The vast wardrobe of Queen Elizabeth I is legendary: in her own time some of the richly embroidered gowns were displayed with other treasures to dazzle the eyes of foreign visitors to the Tower of London. The quantity of clothes recorded in the inventories taken in 1600 would seem to suggest sheer vanity, but a survey of work carried out in the Wardrobe of Robes throughout the reign reveals a different picture. It is one of careful organisation and economy. This copiously annotated work is illustrated with photographs of portraits, miniatures, tomb sculptures, engravings, woven textiles and embroideries. Two indexes are provided, the first of paintings, persons, places, and events, while the second, partly a glossary, enables the reader to quickly trace information on fashionable dress and accessories. An invaluable reference for students of the history of dress and embroidery, for social historians, for art historians working in the field of portraiture, and those with a general interest in the period.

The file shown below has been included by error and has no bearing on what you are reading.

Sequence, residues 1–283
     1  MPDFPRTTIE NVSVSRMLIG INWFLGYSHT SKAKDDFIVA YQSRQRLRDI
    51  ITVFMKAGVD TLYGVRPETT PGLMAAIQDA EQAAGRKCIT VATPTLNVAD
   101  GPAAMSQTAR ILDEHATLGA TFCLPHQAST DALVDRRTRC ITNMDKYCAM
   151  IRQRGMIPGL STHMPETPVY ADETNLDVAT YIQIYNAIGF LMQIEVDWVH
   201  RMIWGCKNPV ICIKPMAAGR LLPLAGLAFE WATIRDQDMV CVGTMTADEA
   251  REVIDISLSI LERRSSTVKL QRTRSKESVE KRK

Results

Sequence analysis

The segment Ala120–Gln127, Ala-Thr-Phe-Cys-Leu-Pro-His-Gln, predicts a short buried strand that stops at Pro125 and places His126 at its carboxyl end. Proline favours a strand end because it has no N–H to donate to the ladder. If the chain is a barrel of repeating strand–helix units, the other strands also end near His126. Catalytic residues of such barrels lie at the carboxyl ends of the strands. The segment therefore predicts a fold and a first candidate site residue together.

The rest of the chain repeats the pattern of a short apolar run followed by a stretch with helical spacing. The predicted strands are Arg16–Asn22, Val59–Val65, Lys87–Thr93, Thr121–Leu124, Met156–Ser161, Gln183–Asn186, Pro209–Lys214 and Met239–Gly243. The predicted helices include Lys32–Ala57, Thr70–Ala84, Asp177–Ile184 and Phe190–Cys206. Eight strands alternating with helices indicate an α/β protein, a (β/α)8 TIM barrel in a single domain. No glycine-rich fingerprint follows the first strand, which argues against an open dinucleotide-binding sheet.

Case-bound in cloth with dust jacket.
|Publisher:||Taylor & Francis|
|Product dimensions:||9.84(w) x 12.60(h) x 0.04(d)|
About the Author
Janet Arnold (October 6, 1932 – November 2, 1998) was a British clothing historian, costume designer, teacher, conservator, and author.
Most Helpful Customer Reviews
I did take a chance ordering the book after reading another review stating that the pictures were too dark. And yes, they are a bit dark...BUT they are photographs of old paintings. Old paintings develop a patina. I think that is where the problem, if you could call it that, comes from. Very informative. Well written. A pleasure.
Although this book has wonderful resources through the works of art pictured I would have really liked a lot more of the photos printed in color. It would have added great value to those of us who recreate history. Well worth the price for the amount of research and information contained in the text as well as the closeup images of actual items.